Dutch snub EU-Kiev pact in blow to leaders
Dutch voters Wednesday rejected a key European pact with Ukraine in a people's referendum seen as a barometer of anti-EU feeling, media predictions said, dealing an embarrassing blow to the government.
In a result swiftly hailed by eurosceptic groups, the Dutch news agency ANP said that with 99.8 percent of the votes counted the "No" camp had won the day with 61.1 percent. Only 38 percent voted in favour of the two-year-old treaty with Kiev.
After initial doubts, ANP also projected that 32.2 percent of the electorate had turned out, meaning the ballot is valid and must be considered by the coalition government of Prime Minister Mark Rutte.
"It looks like the Dutch people said NO to the European elite and NO to the treaty with the Ukraine. The beginning of the end of the EU," far-right Dutch MP Geert Wilders crowed late Wednesday.
Voters were asked if they supported the European Union's association agreement with Ukraine, which aims to foster better trade relations with the war-torn country and former Soviet satellite.
But organisers admitted the non-binding ballot was essentially about pushing a broader anti-EU agenda -- humiliating at the very time that the Netherlands holds the rotating EU presidency.
The vote was being closely watched by Europe and Moscow, and could prove an important yardstick only months ahead of Britain's "Brexit" referendum in June.
- Vote could boost far-right -
The Dutch "No" may pose a major headache for the European Union as it also gears up for the ramifications of a possible British exit from the bloc.
The Netherlands is now the only member in the 28-nation EU not to have ratified the Ukraine accord which has already been given the thumbs up by both the upper and lower houses of the Dutch parliament.
Rutte agreed "the 'no' camp won convincingly".
And he was forced to concede that "if the turnout is above the (30 percent) margin then this accord cannot be ratified as is."
He had earlier urged voters to vote in favour of the pact with Kiev saying "we have to help Ukraine build up a judicial state and its democracy."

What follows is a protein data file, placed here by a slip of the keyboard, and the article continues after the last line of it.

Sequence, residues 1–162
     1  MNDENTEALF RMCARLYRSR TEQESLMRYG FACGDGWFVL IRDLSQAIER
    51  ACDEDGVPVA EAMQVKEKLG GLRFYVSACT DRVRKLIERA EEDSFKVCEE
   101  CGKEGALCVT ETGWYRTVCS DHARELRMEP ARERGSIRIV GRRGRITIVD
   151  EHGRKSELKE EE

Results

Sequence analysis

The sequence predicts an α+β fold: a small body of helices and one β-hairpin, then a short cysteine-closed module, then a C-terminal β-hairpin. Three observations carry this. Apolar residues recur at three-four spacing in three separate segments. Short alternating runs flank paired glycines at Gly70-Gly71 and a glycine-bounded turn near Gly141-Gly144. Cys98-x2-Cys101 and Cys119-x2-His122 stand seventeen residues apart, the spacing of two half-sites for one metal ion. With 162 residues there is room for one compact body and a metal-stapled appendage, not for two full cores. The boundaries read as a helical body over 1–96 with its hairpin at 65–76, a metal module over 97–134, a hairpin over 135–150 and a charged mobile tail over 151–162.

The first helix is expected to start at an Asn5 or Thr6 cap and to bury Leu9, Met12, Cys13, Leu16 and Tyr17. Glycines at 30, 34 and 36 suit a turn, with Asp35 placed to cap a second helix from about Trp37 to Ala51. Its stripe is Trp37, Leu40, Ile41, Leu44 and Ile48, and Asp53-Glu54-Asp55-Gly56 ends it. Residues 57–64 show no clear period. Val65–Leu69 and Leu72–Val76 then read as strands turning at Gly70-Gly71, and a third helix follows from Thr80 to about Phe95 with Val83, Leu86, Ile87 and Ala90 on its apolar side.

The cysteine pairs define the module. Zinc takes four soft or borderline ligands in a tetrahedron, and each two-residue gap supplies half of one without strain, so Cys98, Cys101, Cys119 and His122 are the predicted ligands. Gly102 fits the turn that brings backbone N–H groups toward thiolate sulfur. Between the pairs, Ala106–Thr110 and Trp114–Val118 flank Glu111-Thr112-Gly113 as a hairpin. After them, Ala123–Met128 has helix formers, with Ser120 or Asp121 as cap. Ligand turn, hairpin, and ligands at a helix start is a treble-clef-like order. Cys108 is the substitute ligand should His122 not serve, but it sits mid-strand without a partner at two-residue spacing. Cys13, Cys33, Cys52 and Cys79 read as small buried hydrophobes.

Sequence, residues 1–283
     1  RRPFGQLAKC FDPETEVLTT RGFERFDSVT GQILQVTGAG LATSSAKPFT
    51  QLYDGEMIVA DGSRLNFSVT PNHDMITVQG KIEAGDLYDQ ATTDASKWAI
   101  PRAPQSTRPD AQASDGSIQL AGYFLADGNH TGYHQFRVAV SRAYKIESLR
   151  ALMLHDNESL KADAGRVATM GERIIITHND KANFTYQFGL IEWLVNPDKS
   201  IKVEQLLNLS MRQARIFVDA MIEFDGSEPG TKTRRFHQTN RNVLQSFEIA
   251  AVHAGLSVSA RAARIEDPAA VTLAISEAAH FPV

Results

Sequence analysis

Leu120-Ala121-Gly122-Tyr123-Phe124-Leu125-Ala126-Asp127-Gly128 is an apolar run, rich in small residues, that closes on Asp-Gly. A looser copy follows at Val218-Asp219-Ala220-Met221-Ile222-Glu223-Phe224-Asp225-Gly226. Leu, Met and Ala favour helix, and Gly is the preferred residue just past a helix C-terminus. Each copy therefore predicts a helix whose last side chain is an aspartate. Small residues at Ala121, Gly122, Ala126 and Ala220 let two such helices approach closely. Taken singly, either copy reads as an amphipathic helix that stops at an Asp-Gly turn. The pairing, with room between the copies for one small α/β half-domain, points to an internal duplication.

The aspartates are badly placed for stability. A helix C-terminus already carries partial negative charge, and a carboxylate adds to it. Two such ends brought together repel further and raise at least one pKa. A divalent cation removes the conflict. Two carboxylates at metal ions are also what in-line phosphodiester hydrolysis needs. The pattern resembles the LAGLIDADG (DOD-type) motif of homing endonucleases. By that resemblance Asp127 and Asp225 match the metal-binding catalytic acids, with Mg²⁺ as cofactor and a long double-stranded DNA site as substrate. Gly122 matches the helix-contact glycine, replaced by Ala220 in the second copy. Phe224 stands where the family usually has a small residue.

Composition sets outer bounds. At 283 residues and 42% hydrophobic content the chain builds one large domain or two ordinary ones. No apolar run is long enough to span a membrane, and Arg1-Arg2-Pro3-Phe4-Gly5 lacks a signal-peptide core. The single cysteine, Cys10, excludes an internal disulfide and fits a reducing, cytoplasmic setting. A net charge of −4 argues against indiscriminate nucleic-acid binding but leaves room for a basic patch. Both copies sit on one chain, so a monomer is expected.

"Europe needs more stability at its edges."
It remains unclear what will happen next, with Rutte vowing a "step-by-step" approach in full consultation with the government and Brussels. Official full results are only due on April 12.
The vote is non-binding. But it could mean that the coalition government -- already under fire due to the refugee crisis -- will seek to opt out of certain provisions of the EU-Ukraine deal to satisfy the voters.
It could also boost Wilders's Freedom Party (PVV) which is already riding high in the polls due to his stand against migrants.
- 'Sun setting on EU' -
The leaders of the Netherlands' six largest parties all agreed Wednesday the country could not just ratify the agreement with Ukraine.
"The accord cannot just be ratified. We have to take into account this 'no' vote," said Diederik Samsom, the Labour Party leader which is Rutte's junior ruling coalition partner.
The "No" camp had highlighted concerns about corruption in Ukraine, and continuing separatist unrest in the east, among reasons to refuse closer ties with Kiev.
Ukraine, where a Moscow-backed president who rejected the cooperation deal was ousted in 2014, had actively campaigned for a "yes" vote
But the message appeared to have fallen on deaf ears.
"I voted against because I don't think the accord is a good thing for the Netherlands," said Nik Tam, 65, adding there were already "too many" countries in the EU.
Leave EU, one of the main pro-Brexit campaigns, swiftly lay down the gauntlet to EU supporters.
"Nobody could accuse the Dutch of not being good Europeans, but they have no willingness to open their borders to more migrants and pick up the tab for Ukraine's problems, just like most UK voters," said Leave.EU spokesman Brian Monteith.
The vote was a signal to the British to follow suit, he said, adding: "The sun is now setting on the European Union."
© 2016 AFP